best of year books, getting started
Joe and Richard at Forbidden Planet International asked me to answer some questions about the best books I’ve read this year and this decade. I couldn’t figure out how I’d get time to answer everything, but then I thought I could take it slowly and think of one answer a day as a blog post. I might even be super naughty and change the simplify the answers into my top three comics, top three picture books and top three novels (or text-only books). Then I’ll combine them all and send them off to FPI.
This book counts for the decade and for this year, because I read it about three years ago and have been re-reading it ever since: On Sight and Insight: a Journey into the World of Blindness by Birmingham-based John M. Hull. (link)
Hull’s account of going blind and being blind totally blows me away when I read it. Now I’m totally obsessed with this book, as I am with vision. I’m very short-sighted, and to keep myself from worrying myself into a frenzy, I’ve come up with elaborate plans about what I’d do if I ever went blind, so I’d be prepared in case it ever happened. (The plans mostly involve writing books instead of drawing them.)
Until I read this book, I’d always understood blindness as a lack of sight, but the writer made me realise its not so much a lack of something, but a different world entirely. Exploring the world of blindness is like reading the ultimate world-building science fiction. It’s like those people who go to the bottom of the ocean and find creatures even more fantastic than you’d ever expect to find in outer space. Hull writes:
If blindness creates a new world, then those who live in that world have a new consciousness. Entry into this consciousness, for those who lose sight, is experienced as a fall. At first, the fall is out of consciousness, into the dreaming life, into the darkness. Later on, in my own case at any rate, the fall was discovered not to be out of consciousness but into it. A new consciousness was born.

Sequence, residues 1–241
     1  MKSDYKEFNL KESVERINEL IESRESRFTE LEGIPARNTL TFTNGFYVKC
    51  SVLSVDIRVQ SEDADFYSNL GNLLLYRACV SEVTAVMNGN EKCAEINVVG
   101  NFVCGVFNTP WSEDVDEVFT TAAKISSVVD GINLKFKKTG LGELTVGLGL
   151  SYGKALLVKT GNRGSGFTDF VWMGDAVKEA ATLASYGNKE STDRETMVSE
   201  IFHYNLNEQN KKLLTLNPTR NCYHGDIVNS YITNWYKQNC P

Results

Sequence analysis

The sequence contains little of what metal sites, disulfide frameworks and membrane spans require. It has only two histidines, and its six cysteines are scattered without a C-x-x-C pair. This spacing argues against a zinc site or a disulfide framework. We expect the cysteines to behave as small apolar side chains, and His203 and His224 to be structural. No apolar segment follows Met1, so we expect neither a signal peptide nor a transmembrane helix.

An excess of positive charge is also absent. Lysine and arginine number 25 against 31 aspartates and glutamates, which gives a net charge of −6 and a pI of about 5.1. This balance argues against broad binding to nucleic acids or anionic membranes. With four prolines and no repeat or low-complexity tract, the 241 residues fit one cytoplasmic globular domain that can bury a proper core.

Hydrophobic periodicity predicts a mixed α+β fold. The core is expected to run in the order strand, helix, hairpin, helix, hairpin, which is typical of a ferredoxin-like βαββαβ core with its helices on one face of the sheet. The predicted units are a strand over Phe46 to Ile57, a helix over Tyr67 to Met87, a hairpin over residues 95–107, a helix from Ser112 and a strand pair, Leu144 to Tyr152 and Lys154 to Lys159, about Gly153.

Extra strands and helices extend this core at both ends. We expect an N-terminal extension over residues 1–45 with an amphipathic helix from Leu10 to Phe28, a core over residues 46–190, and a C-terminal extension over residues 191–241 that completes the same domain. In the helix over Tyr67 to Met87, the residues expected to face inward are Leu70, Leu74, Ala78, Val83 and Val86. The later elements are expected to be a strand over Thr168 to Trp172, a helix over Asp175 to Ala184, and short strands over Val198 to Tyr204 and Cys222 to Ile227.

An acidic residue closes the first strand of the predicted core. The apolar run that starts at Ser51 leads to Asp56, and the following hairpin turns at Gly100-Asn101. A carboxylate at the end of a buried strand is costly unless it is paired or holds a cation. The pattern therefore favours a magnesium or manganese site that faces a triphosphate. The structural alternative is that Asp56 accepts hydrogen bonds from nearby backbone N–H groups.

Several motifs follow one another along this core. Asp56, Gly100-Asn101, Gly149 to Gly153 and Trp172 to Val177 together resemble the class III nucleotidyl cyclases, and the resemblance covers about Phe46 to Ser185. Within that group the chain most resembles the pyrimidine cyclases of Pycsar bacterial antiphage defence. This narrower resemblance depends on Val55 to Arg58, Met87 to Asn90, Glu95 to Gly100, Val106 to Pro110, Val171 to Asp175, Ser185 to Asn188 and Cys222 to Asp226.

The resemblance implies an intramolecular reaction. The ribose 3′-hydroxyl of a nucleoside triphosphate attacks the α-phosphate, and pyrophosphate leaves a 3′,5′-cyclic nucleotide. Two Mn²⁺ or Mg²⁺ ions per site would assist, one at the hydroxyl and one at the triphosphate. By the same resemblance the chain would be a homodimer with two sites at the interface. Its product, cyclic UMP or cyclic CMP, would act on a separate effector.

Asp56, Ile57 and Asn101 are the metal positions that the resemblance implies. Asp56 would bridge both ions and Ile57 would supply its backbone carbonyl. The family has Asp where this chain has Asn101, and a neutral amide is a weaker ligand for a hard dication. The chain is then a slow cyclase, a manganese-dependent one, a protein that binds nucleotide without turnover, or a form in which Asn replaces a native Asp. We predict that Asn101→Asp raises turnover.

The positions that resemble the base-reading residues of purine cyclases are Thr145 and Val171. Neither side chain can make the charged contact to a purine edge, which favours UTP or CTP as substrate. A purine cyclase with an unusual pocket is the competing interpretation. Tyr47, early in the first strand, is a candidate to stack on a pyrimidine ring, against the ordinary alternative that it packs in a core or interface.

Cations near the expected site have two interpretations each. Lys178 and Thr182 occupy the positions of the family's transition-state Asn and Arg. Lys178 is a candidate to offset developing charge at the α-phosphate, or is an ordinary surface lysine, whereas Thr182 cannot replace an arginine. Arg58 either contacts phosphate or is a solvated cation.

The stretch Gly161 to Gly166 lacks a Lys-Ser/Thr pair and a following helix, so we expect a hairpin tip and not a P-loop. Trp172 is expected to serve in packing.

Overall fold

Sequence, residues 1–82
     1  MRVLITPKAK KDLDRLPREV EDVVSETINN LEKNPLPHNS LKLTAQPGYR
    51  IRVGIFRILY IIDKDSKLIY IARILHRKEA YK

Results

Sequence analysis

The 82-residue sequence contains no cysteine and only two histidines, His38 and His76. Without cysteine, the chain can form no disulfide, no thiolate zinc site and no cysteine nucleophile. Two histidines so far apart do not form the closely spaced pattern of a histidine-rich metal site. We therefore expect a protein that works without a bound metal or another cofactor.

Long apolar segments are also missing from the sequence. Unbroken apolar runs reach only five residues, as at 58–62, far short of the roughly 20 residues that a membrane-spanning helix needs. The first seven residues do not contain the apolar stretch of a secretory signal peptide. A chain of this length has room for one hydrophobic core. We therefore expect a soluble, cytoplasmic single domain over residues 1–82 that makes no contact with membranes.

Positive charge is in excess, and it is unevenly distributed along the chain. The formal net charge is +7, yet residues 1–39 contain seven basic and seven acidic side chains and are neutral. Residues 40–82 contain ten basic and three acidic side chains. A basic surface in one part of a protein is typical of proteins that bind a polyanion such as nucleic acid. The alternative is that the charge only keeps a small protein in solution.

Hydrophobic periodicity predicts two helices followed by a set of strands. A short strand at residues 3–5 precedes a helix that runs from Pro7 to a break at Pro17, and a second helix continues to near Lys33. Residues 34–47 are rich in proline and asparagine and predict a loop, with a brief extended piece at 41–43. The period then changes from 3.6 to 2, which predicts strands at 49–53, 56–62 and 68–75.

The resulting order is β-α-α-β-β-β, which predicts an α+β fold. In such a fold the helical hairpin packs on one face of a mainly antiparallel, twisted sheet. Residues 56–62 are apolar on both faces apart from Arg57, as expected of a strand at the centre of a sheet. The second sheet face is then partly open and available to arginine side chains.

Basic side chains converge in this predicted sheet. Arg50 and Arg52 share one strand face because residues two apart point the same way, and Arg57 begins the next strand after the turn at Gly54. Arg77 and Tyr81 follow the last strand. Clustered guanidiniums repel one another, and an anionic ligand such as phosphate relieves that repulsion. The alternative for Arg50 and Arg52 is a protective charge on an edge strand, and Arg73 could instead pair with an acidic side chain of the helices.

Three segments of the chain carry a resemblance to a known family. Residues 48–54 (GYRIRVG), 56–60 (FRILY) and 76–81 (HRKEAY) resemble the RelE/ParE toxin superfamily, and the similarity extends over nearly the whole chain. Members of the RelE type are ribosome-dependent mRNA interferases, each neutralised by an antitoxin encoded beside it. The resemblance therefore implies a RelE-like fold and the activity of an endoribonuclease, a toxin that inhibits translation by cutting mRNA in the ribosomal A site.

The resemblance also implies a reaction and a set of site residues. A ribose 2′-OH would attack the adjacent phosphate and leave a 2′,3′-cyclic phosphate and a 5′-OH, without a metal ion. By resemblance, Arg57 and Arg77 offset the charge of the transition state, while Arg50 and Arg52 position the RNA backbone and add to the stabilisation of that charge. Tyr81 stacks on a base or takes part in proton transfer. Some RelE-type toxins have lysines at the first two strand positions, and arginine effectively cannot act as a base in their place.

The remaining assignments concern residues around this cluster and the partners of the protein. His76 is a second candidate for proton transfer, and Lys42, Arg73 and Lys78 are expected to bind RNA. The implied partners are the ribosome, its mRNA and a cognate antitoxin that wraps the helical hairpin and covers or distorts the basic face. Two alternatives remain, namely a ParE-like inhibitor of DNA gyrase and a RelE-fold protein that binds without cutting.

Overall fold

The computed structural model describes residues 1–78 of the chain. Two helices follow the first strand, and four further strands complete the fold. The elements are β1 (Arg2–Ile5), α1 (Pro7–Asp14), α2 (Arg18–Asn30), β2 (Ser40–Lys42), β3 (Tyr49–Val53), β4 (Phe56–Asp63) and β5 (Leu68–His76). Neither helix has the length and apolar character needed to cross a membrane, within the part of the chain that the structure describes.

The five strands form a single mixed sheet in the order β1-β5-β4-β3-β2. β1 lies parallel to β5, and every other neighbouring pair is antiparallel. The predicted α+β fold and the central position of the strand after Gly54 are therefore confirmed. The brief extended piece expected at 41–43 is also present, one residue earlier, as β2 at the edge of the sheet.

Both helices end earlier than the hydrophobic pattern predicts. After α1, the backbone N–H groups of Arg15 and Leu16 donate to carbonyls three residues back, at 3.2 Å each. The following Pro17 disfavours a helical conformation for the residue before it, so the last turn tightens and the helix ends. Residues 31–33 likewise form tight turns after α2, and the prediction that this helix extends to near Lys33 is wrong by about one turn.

Hull takes us on voyages to explore his world, almost like something out of Jules Verne. We get to see the way that he switches his concept of a person from their face to their name and a their sort of core mass (but how he’s still obsessed with a woman being pretty). He contrasts seeing his first child before he went blind with having never seen his second child. He describes the experience of rain and wind as giving the world edges and a ceiling; the terror of an empty, windless field; the way that things cease to exist for him when they’re unfelt or unheard. And on a practical level, he mentions things I’d never thought of, like, when I’m leading a blind friend by the arm and there’s a staircase ahead; instead of just saying, ‘here’s some stairs’, also saying if the stairs go up or down.
When I started art college and was looking for a project, I started making a graphic novel in response to this book. I was trying to recreate this non-visual world visually, with typographical artwork, showing a woman going on a train journey to search for her lost dog. But I’d never really made comics before, and I realised I’d taken on something way too complicated and abstract for my first comic, so I shelved it after I’d drawn about ten pages. Here are a couple pages. Maybe I’ll come back to it some day, but I need to think it through a bit more. The first page is a visual soundscape of busy New Cross Road.
©2006 by Sarah McIntyre
My main character was formerly sighted, so here she’s waking up from a visual dream at the end of the train journey.
©2006 by Sarah McIntyre